For some time, there have been lawmakers who have expressed their displeasure with the so-called stretch IRAs.These IRAs have permitted certain beneficiaries, such as a young child or a grandchild, to use the Inherited IRA RMD rules to extend the payout period for decades.
When someone inherits an IRA or retirement plan, with the exception of a Roth IRA, the distributions from the retirement plan are generally taxable to the beneficiary. In the past, beneficiaries have often been able to use the Inherited IRA RMD rules to stretch the payments over a long period of time, allowing the account to grow with deferred earnings and reducing the overall taxes on the distribution. If the beneficiary is the decedent’s spouse, the spouse has special options for a lifetime payout or the ability to treat the plan as their own plan and defer distributions until they reach the age when distributions are required to begin*.
With the passage of the SECURE Act, and for distributions from retirement plans or IRAs of individuals dying in 2020 or later, the ability to use the old Inherited IRA RMD rules for some beneficiaries to stretch the distributions has been eliminated and replaced with a requirement to withdraw all the funds by the end of a 10-year period beginning the year after the plan owner’s death. This will require careful planning to mitigate the taxes on the distribution. Consideration should be given as to whether the beneficiary should wait until the end of the 10 years to withdraw the funds, take one-tenth of the account each year, or adjust annual distributions to match fluctuations of their other income? Each person’s situation is different and requires careful analysis to determine the best payout option for them.
Exceptions to the 10-year distribution period
Surviving Spouse – In the case of the spouse of the decedent, he or she continues to have the options to treat the plan as if it were theirs and defer distributions until the surviving spouse reaches the required distribution age, take distributions over their lifetime, or take the distributions within 10 years of the decedent’s date of death.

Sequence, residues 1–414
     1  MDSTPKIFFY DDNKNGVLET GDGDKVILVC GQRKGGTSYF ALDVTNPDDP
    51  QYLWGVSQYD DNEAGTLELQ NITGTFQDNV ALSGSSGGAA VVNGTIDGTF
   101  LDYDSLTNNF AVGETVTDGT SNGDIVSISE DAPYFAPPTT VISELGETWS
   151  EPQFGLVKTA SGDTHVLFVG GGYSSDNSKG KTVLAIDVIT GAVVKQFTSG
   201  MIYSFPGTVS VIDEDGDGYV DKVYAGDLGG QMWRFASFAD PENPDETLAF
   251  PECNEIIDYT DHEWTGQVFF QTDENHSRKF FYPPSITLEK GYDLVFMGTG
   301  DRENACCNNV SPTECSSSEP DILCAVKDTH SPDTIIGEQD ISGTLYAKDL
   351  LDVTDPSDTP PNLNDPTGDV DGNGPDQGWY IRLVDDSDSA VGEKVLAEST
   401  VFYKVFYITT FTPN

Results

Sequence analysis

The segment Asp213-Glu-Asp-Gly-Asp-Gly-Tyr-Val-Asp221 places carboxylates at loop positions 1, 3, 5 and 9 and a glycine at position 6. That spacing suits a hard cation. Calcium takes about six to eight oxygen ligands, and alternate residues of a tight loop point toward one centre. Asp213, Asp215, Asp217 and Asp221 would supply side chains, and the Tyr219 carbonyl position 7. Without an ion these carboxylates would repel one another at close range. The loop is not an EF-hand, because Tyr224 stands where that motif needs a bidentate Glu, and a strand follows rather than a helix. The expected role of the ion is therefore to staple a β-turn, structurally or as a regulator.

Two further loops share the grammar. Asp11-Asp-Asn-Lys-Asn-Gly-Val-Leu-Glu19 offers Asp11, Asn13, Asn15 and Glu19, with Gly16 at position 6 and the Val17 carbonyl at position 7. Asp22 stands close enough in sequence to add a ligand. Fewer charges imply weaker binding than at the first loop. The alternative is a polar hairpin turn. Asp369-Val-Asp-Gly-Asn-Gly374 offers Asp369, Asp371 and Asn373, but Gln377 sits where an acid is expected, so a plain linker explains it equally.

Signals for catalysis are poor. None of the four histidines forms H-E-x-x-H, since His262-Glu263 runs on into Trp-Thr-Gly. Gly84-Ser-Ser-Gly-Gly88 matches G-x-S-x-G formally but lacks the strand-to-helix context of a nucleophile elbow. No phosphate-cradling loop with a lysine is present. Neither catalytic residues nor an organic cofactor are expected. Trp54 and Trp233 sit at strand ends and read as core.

Minor Child – When a minor child is the beneficiary of the deceased’s retirement plan or IRA, the entire account must be distributed within 10 years after the year the child reaches the age of majority. In the U.S., the age at which a child reaches majority (i.e., is considered an adult) is determined by state by state, with age 18 being the most common.
Individual Less than 10 Years Younger, Disabled or Chronically Ill – For any individual beneficiary who is not more than 10 years younger than the deceased (for example, a sibling or a friend) or is disabled or chronically ill, the retirement plan or IRA account balance generally may be distributed over the life expectancy of the beneficiary, beginning in the year following the year of death of the deceased retirement plan or IRA owner.
To ensure your IRA will pass to your chosen beneficiary or beneficiaries, you should review your beneficiary designation form on file with your IRA custodian to determine it reflects your wishes. These forms permit you to designate both primary and alternate individual beneficiaries. If there is no beneficiary form on file, the custodian’s default policy will decide whether the IRA will go first to a living person or to your estate.
Call the tax professionals at East Coast Tax Consulting Group if you have questions about the new Inherited IRA RMD retirement rules.